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Suit claims bias in church sale
By Sue Ter Maat | Daily Herald Staff

Two groups are vying to purchase the Prospect Heights Community Church. A lawsuit filed by one of the bidders charges the church is favoring the other bidder for racial reasons.

 

Gilber R. Boucher II | Staff Photographer

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Published: 12/12/2007 12:17 AM

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A Korean-American congregation is suing a Prospect Heights church for not selling its property to the highest bidder, alleging racial discrimination.

An attorney for the Antioch Korean Covenant Church said the church had offered $1 million for the Prospect Heights Community Church property at 400 N. Elmhurst Road.

The Korean church's suit charges that the predominately white Cornerstone Bible Church offered half that much and that bid was tentatively accepted, said Don Sampen, a Chicago-based attorney for the Korean church.

Also, the suit alleges that at a meeting of the Prospect Heights church members, disparaging remarks about Koreans were made, which prompted the decision to sell to the other group, he said.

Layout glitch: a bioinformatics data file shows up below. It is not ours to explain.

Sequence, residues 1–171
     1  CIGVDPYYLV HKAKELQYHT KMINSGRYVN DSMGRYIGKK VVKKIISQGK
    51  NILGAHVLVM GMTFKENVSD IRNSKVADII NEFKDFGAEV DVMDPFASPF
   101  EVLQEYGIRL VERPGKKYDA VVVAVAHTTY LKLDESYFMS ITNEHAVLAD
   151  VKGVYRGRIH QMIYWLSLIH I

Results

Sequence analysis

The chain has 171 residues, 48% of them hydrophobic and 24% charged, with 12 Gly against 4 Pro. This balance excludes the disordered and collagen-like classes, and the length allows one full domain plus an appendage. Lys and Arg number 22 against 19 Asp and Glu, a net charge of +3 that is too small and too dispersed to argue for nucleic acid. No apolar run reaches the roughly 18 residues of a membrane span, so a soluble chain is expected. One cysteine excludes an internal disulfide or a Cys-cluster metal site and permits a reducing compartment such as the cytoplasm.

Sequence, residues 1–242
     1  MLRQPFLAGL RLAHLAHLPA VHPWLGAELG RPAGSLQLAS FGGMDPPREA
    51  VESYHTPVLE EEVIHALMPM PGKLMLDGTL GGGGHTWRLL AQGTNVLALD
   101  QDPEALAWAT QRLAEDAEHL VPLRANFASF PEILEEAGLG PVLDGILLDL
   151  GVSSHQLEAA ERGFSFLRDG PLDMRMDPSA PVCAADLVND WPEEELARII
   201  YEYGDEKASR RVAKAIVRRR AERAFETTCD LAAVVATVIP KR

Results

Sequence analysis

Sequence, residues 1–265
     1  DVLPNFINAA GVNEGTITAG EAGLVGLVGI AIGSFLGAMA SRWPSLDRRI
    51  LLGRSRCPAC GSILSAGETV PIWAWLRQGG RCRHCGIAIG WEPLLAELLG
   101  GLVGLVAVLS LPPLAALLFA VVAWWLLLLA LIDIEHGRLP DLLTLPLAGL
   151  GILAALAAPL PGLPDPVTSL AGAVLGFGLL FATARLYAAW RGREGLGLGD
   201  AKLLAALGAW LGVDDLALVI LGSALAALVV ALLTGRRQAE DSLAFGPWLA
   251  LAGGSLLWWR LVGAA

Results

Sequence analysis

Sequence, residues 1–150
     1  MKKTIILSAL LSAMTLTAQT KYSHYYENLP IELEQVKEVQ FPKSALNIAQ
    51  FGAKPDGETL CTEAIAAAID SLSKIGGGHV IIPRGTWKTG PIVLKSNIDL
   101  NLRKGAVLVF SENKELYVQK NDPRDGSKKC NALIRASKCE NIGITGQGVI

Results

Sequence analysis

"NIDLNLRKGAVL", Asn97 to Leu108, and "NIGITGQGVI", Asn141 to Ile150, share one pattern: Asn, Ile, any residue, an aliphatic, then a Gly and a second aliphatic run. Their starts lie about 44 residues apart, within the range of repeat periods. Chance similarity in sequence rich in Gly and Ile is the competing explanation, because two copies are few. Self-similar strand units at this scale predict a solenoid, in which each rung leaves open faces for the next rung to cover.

If that's proven in court, the Prospect Heights church would be in violation of the Illinois Human Rights Act, which forbids the denial of a property sale based upon race, Sampen said.

"The fact that such an offer was rejected in and of itself shows there is more here than just the desire to go with someone else," Sampen said.

The attorney for the Prospect Heights church, Tom Organ of Arlington Heights, declined to comment.

This year, the Prospect Heights church has attempted to merge or sell the property to another church, Sampen said. No final sale has been made, Sampen said.

If the Korean church wins, a judge could make the Prospect Heights church sell to it, he said.

The Prospect Heights church most recently has filed a motion to dismiss the complaint on technical grounds, so that's where the case stands now, he said.

The Korean church, with no freestanding building of its own, has leased space in the Prospect Heights church since 2004. The Cornerstone Bible Church also leases space there, he said.